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Judge to rule next week on slavery museum land case

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By Chelyen Davis

The Free Lance-Star

RICHMOND — A federal judge said he’ll rule next week on whether to dismiss an effort by the U.S. National Slavery Museum’s architect to get restrictions removed from the museum’s land before a sale.

Judge James R. Spencer said he’ll take the issue under “very brief advisement” and make his decision sometime next week.

But he did indicate he thinks Celebrate Virginia made a “very, very strong” argument in pointing out that the architect — Pei Partnership Architects — doesn’t own the title to the land.

The land in question is 38 acres at Celebrate Virginia South, donated in 2002 to the museum, which was founded by former Gov. Doug Wilder.

That donation was accompanied by a use restriction that says the land must be used an African-American heritage museum or some other educational or charitable purpose.

But the museum was never built — Pei designed it but was never paid — and filed for bankruptcy a year and a half ago. The bankruptcy case ended last August but the museum still owes the city of Fredericksburg more than $300,000 in unpaid taxes and owes Pei almost $6 million. The city is moving to auction the land to recoup the money — that’s a separate case in state court.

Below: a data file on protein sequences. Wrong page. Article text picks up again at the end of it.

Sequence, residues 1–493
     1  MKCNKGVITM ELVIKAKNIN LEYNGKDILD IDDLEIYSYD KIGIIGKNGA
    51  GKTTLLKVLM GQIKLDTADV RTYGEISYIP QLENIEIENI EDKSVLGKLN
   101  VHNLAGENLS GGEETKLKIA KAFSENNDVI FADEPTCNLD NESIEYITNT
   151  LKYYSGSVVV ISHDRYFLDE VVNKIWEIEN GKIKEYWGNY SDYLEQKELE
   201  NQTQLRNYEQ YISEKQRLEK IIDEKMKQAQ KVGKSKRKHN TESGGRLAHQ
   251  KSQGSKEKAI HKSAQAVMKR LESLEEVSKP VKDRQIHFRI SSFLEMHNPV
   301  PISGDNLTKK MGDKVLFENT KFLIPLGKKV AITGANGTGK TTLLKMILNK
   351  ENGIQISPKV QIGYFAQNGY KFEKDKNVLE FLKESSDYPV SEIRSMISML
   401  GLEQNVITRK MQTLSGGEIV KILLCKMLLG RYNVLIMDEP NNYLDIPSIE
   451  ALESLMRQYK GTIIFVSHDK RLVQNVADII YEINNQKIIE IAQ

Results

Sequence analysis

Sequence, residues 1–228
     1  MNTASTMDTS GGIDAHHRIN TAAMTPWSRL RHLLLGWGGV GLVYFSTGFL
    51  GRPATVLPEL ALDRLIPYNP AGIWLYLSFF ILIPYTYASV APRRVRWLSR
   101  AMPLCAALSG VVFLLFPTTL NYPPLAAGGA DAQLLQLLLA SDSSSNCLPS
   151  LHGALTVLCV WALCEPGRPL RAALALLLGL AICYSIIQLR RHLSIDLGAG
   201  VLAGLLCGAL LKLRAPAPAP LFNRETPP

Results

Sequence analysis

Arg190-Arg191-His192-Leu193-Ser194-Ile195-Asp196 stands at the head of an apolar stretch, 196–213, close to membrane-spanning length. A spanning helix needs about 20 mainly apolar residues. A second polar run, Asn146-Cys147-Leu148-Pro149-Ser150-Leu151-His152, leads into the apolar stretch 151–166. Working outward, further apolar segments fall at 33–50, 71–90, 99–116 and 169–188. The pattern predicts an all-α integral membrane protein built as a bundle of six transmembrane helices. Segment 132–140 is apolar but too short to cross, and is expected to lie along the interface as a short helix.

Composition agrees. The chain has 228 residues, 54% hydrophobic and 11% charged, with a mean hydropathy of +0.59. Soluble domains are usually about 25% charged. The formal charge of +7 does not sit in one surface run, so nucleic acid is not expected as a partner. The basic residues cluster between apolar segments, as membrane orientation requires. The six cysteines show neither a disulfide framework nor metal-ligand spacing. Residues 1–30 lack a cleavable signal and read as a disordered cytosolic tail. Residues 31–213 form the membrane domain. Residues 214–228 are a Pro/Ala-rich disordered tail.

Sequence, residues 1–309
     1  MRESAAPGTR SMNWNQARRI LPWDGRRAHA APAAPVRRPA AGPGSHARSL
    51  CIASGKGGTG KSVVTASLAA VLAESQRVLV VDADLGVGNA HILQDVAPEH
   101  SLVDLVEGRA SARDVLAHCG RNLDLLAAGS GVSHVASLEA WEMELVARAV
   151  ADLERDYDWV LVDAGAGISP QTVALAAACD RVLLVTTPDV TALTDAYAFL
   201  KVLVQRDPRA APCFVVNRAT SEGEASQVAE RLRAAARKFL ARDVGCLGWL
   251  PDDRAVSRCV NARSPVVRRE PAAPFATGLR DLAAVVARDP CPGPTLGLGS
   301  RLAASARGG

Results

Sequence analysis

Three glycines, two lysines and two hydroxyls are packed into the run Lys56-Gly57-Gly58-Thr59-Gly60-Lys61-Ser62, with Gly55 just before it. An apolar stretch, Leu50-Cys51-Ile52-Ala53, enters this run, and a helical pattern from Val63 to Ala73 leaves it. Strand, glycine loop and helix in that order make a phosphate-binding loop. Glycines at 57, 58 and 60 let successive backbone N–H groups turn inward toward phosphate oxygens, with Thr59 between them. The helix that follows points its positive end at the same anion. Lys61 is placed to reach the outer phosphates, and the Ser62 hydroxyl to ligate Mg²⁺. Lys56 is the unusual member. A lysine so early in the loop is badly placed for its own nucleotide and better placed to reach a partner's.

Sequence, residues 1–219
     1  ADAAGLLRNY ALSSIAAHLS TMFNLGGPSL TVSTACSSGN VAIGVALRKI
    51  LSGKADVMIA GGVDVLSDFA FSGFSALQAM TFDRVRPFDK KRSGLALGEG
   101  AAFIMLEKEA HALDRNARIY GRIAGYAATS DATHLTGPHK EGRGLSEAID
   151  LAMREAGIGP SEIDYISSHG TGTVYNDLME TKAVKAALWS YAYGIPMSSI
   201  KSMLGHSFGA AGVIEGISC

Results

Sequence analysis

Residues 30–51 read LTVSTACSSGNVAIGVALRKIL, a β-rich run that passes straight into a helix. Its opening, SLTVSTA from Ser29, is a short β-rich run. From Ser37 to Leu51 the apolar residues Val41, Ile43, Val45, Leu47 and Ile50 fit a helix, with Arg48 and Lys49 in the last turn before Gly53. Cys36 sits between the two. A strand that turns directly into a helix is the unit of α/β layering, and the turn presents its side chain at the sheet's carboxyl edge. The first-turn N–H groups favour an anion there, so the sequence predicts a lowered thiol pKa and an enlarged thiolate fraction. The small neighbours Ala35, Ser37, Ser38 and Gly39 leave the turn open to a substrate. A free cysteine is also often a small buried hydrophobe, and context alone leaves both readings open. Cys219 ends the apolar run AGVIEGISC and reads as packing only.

Pei is arguing in the federal court case the deed restrictions are not enforceable. Pei attorneys have said the land would be more valuable at sale if the restrictions were removed.

Celebrate Virginia, which donated the land, has asked Spencer to dismiss Pei’s case.

Spencer’s ruling won’t address the broader question of whether the deed restrictions should remain on the land; instead he will decide whether to dismiss the case, as Celebrate Virginia wants, or let it proceed, as Pei wants.

John Walk, of Hirschler Fleischer, representing Celebrate Virginia, said in court Friday that while Pei can claim it has an interest in what happens to the land, it doesn’t have actual title to that land, and thus has no say over what happens to the land beyond its right as a creditor to compel the sale to recoup the money it’s owed.

“What they’re seeking to adjudicate is the value of the property,” Walk said.

Having a lien on the land, as Pei does, “gives you absolutely no leg up whatsoever in the bidding process,” Walk said.

Spencer called that a “very very strong” argument.

“How can you clear a title when you don’t have a title?” he asked Pei attorney Paul Prados.

Prados said the question of the deed restrictions affects the value of Pei’s judgment lien against the property, and that all parties are suffering from the “uncertainty” surrounding those restrictions’ enforceability.

He noted that the deed restrictions were not filed with the original deed of gift in 2002.

Celebrate Virginia has said the deed restrictions are legal. They were put in place to protect the development, said Celebrate Virginia director of development, Scott Little, last year in testimony during the museum’s bankruptcy case.

At the time, Little said the restrictions were meant to prevent the museum or any future buyer of the land from using the land in ways that would threaten Celebrate Virginia’s own development plans. For example, the developer wants to build hotels, and so doesn’t want the land bought by someone else who might build a hotel.

Little also said last year that while the deed restrictions weren’t filed with the deed in 2002, they were signed then. The developer “restated” the restrictions in a court filing in 2009, as it became apparent that the museum project was faltering.